This article in The New Republic has an ominous title, but it begins with a hopeful premise, confirming what we’ve learned from Bernard Avishai and others on Mahmoud Abbas as a genuine partner for peace:
The End of the Two-State Solution: Why the window is closing on Middle-East peace
BY BEN BIRNBAUM [A Jerusalem-based writer]
One Friday evening last November, Mahmoud Abbas made a rare appearance on the popular Israeli TV station, Channel 2. … when the interviewer, Udi Segal, asked him about his vision for the future of his people, Abbas offered a reminder of why this man was once, and perhaps remains, the great hope of the two-state solution.
“Palestine for me is ’67 borders with East Jerusalem as its capital,” he said. “This is now and forever.” Abbas had been born in the town of Safed, which his family fled during Israel’s War of Independence in 1948 and which is now a part of Israel. Segal asked, did he wish to visit? Abbas raised his eyebrows. “I want to see Safed,” he replied quietly. “It’s my right to see it, but not to live there.”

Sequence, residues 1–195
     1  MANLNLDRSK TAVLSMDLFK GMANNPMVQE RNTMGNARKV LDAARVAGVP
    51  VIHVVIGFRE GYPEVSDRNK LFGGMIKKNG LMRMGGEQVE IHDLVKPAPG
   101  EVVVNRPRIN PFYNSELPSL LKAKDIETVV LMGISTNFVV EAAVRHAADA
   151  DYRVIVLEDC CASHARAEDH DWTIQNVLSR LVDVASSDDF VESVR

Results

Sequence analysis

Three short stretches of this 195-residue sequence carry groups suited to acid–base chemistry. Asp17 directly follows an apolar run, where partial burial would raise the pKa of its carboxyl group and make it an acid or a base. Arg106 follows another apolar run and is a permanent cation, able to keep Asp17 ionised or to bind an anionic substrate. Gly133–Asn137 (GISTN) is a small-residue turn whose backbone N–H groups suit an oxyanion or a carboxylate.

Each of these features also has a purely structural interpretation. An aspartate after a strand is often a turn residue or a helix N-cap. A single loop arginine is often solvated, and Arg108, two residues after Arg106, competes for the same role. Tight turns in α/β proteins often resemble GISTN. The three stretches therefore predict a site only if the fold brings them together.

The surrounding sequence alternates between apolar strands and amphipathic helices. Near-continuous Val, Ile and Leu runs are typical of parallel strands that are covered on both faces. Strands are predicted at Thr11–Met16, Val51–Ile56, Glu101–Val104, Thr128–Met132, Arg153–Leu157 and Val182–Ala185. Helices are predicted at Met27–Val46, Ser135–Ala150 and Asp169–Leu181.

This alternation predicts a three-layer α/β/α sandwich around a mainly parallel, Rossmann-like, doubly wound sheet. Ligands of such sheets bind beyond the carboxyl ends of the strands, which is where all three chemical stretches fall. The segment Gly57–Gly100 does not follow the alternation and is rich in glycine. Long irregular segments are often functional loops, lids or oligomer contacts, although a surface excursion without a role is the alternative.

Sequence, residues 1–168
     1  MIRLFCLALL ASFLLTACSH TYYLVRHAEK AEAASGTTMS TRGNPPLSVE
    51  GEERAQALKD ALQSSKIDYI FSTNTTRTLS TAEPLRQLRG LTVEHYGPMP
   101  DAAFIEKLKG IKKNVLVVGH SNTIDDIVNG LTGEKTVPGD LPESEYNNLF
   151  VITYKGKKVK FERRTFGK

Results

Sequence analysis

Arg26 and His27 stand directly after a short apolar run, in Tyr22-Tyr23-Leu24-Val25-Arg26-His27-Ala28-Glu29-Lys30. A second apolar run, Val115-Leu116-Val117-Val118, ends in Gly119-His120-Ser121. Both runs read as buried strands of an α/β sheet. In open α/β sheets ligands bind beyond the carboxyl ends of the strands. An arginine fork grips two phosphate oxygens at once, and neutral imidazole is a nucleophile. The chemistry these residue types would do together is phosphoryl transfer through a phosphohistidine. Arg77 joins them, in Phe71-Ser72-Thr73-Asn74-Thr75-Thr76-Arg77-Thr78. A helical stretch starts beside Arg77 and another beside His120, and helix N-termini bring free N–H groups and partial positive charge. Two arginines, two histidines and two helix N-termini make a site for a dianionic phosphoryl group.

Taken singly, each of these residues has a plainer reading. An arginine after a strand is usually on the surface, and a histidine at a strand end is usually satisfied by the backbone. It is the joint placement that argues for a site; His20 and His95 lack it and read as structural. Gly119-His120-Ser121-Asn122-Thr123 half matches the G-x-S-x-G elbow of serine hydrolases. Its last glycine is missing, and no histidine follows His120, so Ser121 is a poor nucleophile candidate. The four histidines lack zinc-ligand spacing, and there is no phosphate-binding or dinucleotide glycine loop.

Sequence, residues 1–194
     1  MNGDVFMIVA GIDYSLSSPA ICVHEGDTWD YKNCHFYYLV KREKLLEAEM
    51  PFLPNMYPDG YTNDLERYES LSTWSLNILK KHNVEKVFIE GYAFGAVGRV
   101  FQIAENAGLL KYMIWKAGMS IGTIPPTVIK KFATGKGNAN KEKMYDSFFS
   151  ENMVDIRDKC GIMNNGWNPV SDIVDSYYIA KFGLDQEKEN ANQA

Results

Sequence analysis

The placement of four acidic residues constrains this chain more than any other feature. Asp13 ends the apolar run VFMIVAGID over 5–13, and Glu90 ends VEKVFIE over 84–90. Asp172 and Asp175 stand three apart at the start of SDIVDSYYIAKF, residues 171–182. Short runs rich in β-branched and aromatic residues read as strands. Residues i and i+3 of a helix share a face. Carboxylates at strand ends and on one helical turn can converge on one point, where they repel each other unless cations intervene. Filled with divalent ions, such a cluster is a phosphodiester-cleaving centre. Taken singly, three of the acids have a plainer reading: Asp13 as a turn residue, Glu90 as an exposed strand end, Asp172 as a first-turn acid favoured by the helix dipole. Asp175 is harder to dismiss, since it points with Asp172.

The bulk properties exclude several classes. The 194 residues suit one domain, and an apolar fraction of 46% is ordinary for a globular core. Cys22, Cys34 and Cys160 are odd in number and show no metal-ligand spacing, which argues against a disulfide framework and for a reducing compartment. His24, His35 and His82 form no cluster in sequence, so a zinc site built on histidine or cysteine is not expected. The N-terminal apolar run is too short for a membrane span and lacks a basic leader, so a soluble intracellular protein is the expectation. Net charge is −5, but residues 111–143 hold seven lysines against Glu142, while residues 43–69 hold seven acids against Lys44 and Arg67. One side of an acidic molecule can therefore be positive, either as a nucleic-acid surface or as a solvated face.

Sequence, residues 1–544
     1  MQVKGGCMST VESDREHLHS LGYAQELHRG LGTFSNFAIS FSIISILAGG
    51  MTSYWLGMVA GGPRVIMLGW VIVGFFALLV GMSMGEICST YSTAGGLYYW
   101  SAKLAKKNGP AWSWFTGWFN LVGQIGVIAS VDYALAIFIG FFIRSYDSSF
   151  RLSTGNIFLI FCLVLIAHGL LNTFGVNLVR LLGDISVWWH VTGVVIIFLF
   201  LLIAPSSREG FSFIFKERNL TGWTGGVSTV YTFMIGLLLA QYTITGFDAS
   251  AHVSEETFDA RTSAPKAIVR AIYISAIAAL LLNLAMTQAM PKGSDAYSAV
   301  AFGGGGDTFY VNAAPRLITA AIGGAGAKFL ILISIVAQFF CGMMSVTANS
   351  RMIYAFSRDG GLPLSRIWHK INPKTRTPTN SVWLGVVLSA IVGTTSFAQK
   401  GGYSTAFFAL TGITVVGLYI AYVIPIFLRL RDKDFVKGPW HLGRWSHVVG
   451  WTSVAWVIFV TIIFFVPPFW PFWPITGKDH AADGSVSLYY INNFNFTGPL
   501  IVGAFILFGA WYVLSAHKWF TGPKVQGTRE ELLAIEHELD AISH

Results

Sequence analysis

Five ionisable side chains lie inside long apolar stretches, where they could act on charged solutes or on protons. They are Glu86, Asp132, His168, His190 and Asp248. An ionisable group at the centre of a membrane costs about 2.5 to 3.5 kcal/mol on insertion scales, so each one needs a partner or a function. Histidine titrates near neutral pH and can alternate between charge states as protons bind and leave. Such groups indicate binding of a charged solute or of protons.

Every Israeli viewer would have immediately grasped the significance of that statement. For years, one of the top obstacles to a peace deal has been the “right of return”—the Palestinian demand that some five million refugees and descendants be allowed to go back to their former homes. In Israel, whose population of eight million already includes 1.5 million Arab citizens, the phrase signals nothing less than the demographic destruction of the Jewish state. Among Palestinians, the right of return is sacrosanct. And yet, here was Abbas waving away the idea altogether. …
Click here for the entire article at The New Republic site.